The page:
Many Nations is one of the Reading for Real titles from Thomson Duval publishers. This title is presented as a report text form about the so-called Ancient Nations of North America such as the Anasazi or Cliff Dwellers of the American Southwest; the Haida of the Pacific Northwest; the Moundbuilders of the Mississippi; and the Beothuk of Newfoundland. This Reading for Real titles introduces students to four reports about the significant technological achievements of these peoples.
Inuit of the North is one of the Reading for Real titles from Thomson Duval publishers. This title is presented as a report text form about the Inuit past and present told in text and photographs. The beginning is presented as a question from a southern Canada teacher asking an Inuk teacher in Iqaluit about life in Nunavut. Students in southern Canada wrote a list of questions for northern students and made some common mistakes about Inuit still living in igloos. The northern students brainstormed ideas about creating reports in order to satisfy the southern students' curiosity.
Cloudwalker by renowned Northwest Coast artist Roy Henry Vickers recounts in text and images the creation of the rivers the source of three of British Columbia’s largest salmon-bearing rivers. These rivers, the Nass, Skeena, and the Stikine, are the source of life for all creatures in the area. Cloudwalker is the second in a series of Northwest Coast legends by Roy Henry Vickers and Robert Budd. This 40-page book explains the creation of these rivers. Astace, a young Gitxsan hunter, is intent on catching a group of swans with his bare hands.
No Borders: Kigliqangittuq is the 2013 title in Fifth House Publishing's The Land Is Our Storybook series. This popular series is designed to highlight one of the official Aboriginal language groups in the Northwest Territories. The book presents information about the people and communities of Kugluktuk, Nunavut and Ulukhaktok, NWT. Although recently divided by the border between the two territories the communities share a common ancestry and their language called Inuinnaqtun. In this 34-page photo essay information book readers meet 16-year old Darla Evyagotailak and her extended family.
The Mighty Glooscap Transforms Animals and Landscape is a trilingual picture book that retells a Mi'kmaq legend. The French section is Le maître Glooscap transforme animaux et paysage and is translated by Rejean Roy. The Mi’kmaq section is Mawiknat Klu’skap Sa’se’wo’laji Wi’sisk aqq Sa’se’wa’toq Maqamikew and is translated by Serena Sock. The English section is written by Allison Mitcham. The illustrated story explains how the geography of New Brunswick came to be. It also explains why the animals appear in their current shape and size.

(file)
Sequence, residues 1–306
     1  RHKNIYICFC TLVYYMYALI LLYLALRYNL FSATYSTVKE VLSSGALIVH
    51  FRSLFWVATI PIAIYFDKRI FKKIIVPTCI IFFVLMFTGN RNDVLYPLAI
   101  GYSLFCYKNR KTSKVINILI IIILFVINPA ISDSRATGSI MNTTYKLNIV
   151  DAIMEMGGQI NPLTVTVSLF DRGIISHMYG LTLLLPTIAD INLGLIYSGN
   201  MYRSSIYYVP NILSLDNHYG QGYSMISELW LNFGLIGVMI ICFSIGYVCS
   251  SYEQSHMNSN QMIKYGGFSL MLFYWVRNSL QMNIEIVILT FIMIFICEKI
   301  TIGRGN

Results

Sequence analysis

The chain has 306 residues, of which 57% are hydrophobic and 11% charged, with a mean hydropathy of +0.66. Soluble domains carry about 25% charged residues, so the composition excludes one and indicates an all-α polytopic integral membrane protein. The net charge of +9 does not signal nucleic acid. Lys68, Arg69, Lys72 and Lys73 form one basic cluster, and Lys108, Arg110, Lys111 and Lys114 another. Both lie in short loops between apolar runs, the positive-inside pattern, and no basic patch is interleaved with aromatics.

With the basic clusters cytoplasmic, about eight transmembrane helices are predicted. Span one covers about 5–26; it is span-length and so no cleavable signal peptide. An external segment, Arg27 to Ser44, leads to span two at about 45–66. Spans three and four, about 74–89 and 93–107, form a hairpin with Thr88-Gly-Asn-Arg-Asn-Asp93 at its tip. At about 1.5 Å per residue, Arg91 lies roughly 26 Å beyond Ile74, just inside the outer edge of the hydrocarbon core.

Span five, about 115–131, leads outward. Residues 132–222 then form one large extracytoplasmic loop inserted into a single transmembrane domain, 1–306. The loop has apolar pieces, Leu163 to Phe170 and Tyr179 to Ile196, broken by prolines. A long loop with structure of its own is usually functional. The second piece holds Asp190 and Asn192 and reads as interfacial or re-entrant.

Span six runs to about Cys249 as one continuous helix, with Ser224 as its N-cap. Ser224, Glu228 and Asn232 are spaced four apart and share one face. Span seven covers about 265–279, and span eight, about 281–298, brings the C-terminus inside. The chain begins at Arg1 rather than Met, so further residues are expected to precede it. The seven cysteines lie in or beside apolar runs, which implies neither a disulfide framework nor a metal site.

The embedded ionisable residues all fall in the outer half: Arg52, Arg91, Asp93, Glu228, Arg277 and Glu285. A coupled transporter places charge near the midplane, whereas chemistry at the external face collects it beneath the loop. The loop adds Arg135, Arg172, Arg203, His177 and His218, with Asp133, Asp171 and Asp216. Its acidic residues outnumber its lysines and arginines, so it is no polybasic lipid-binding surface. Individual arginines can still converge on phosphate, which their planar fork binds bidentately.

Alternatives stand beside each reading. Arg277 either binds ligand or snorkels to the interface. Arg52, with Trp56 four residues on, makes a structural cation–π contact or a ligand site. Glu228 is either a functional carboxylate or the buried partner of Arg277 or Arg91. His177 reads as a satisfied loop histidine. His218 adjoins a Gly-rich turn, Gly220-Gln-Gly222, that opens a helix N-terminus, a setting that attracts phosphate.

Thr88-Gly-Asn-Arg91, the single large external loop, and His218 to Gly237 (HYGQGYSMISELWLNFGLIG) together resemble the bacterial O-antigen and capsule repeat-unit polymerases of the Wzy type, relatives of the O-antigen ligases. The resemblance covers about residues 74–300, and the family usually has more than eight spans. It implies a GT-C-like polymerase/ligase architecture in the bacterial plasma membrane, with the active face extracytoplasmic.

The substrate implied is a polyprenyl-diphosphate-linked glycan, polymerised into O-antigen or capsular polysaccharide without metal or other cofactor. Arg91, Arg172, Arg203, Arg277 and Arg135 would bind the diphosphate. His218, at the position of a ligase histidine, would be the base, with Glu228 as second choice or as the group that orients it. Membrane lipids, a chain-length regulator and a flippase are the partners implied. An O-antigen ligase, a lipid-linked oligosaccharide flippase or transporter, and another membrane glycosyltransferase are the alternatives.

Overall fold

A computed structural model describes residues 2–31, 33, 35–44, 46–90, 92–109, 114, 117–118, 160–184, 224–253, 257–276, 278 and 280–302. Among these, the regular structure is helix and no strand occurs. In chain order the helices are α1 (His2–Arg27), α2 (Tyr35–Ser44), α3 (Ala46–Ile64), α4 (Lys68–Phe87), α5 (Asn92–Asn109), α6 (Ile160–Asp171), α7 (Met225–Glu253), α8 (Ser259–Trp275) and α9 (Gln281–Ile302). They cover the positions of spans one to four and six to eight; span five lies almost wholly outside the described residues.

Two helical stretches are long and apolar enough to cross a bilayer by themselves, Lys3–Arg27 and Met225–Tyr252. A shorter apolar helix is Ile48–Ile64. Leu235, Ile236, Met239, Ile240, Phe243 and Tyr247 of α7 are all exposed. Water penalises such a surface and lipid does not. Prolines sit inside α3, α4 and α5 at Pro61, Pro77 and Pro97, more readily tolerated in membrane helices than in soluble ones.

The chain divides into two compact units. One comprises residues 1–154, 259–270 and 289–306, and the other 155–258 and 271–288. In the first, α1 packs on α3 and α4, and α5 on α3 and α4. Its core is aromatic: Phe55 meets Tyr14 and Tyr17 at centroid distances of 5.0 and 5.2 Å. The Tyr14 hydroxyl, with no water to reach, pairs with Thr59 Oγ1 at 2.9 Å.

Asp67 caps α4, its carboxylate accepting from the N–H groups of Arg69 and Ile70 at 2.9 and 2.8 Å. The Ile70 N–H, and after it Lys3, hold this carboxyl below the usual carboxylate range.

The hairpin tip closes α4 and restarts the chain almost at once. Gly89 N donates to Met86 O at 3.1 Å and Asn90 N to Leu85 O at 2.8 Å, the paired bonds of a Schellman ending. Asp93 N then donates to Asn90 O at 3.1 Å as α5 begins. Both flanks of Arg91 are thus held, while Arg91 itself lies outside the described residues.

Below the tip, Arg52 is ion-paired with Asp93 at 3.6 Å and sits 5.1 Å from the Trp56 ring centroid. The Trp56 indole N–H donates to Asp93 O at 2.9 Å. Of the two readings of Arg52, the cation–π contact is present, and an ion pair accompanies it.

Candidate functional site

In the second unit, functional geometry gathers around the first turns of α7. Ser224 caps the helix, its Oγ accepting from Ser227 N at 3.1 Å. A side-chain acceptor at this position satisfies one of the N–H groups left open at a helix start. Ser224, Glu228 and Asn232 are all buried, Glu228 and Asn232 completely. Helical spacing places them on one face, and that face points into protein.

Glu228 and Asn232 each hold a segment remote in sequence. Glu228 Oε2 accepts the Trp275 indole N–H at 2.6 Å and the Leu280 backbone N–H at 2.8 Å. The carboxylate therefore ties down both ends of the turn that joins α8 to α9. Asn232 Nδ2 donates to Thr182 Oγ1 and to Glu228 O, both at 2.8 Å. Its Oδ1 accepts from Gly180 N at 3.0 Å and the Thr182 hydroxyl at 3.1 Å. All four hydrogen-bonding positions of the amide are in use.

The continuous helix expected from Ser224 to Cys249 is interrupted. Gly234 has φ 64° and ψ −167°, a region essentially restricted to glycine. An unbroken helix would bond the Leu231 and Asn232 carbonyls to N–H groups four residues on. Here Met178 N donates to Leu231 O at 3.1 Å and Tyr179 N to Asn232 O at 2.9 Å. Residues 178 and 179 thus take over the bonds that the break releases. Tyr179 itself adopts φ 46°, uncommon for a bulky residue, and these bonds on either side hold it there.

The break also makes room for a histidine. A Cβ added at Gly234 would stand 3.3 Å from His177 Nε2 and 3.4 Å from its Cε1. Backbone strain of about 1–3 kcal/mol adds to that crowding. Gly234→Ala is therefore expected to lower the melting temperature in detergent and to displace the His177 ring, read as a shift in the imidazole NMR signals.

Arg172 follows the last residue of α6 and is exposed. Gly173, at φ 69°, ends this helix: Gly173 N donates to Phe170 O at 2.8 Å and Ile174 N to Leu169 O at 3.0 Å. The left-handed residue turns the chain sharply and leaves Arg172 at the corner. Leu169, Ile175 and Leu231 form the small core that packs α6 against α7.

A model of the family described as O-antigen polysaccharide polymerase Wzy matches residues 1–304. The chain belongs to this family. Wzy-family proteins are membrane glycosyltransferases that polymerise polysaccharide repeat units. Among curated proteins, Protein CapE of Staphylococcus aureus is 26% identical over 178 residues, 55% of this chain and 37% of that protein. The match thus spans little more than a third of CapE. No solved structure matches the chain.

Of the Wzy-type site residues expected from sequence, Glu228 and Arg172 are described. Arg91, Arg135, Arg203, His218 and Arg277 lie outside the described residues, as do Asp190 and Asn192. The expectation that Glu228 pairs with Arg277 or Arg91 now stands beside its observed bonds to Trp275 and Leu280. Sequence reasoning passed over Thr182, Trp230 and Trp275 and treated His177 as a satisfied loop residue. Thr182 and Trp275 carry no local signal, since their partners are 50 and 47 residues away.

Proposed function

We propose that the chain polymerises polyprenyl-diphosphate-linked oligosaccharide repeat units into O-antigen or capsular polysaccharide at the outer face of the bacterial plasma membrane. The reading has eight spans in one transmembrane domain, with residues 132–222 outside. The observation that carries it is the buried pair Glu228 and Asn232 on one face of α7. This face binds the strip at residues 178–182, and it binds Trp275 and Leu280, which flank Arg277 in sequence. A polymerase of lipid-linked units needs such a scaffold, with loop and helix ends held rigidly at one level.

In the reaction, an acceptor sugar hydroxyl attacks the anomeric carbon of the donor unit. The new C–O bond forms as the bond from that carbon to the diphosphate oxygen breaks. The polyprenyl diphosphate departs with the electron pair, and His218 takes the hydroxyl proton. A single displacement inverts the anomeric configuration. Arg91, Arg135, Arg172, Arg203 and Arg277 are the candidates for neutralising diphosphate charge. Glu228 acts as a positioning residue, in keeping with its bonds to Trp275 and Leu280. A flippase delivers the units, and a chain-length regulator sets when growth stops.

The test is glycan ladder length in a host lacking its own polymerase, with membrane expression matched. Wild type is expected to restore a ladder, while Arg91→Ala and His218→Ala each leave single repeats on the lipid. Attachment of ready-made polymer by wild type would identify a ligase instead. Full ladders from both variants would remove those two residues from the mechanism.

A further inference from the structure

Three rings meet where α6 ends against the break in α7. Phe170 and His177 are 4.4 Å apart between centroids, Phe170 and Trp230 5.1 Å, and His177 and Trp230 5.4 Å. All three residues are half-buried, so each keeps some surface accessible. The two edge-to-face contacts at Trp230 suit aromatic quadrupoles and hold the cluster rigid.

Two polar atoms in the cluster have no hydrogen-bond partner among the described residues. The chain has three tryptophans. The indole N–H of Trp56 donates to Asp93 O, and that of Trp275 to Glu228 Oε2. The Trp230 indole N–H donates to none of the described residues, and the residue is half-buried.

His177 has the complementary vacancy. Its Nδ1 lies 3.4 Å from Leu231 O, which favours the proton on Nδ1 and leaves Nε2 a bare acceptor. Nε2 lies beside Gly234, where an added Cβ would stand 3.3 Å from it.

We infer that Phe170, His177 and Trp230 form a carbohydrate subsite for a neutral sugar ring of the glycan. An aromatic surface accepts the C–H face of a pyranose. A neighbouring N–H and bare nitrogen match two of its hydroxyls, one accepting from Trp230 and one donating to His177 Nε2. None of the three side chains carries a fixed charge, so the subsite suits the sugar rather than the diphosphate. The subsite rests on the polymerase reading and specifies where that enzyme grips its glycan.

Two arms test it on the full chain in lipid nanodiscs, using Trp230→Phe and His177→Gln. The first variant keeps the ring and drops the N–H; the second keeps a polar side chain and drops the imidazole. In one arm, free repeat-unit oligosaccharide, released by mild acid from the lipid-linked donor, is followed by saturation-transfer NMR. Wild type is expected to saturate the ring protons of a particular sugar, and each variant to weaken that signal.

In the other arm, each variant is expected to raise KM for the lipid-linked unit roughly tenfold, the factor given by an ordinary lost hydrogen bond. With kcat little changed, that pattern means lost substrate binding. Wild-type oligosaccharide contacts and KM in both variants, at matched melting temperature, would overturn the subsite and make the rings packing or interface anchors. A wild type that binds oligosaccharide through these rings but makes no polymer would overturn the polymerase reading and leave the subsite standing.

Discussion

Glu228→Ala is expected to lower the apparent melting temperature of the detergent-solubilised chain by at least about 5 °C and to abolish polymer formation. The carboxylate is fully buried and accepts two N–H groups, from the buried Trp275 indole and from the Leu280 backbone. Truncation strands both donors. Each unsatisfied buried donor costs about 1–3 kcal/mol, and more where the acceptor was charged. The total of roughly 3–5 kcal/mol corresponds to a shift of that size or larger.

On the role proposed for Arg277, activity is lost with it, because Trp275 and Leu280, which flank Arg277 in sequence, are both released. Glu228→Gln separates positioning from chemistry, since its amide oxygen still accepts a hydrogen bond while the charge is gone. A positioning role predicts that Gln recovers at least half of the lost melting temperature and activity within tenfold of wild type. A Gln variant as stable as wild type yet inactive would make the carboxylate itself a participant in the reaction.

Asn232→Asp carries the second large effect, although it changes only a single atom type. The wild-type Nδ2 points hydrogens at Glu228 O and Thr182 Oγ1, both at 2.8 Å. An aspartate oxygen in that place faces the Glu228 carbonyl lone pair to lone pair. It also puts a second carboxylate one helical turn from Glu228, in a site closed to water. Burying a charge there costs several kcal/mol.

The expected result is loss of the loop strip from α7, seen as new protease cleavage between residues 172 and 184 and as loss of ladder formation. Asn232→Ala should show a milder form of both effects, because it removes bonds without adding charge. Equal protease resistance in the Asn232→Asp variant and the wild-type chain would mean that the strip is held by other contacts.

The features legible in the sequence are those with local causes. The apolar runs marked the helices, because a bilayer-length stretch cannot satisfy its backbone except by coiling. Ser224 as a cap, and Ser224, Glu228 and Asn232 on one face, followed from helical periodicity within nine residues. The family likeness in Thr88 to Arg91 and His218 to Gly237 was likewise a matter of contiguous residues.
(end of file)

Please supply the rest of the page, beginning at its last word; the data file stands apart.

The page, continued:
Uumajut Learn About Arctic Wildlife published by Inhabit Media in partnership with Qikiqtani Inuit Association and the Nunavut Bilingual Education Society is written by Nunavut resident Simon Awa, along with Anna Ziegler and Stephanie McDonald. This 30-page bilingual book (English and Inuktitut syllabics) explores the various animals of the tundra and the sea and ice regions of the Arctic. A brief introduction provides additional background for the teacher and the section about the tundra features information about the lemming, caribou, Arctic fox, and the wolverine.
Sahara: Vanishing Cultures is a new title from Lee and Low Publishers in their Explore Vanishing Cultures Series. Each title in the series examines an Indigenous culture as the people attempt to face the challenges of their changing environment. In this book, the author offers elementary readers an opportunity to see a contemporary Tuareg family. This family lives in the Sahara and the picture book offers readers a glimpse into their lives through the eyes of a boy in the family.
Stones, Bones and Stitches: Storytelling Through Inuit Art is a recent book for students about the lives of six Inuit artists: Oviloo Tunnillie, Joe Talirunili, Jessie Oonark, Lutka Qiatsuk, David Reben Piqtoukun, and Kenojuak Ashevak. In this celebration of sculpture, printmaking, and embroidery stitching, the authors, curator and assistant curator of the McMichael Canadian Art Collection, bring the lives of these men and women artists into focus.
The Inuit is a juvenile literature title in the Native Americans series published by ABDO Publishing. Barbara Gray-Kanatiiosh, a member of the Akwesasne Mohawk Nation, is the author of this title. The series is designed to appeal to students in grade 3 to 5, and each title covers the culture and history of the particular Nation. In this title, the author describes the traditional homeland of the Inuit or Eskimo people of the northern regions of Canada, Alaska, Siberia, and Greenland. A map helps students locate the homeland and present day locations of the Inuit people.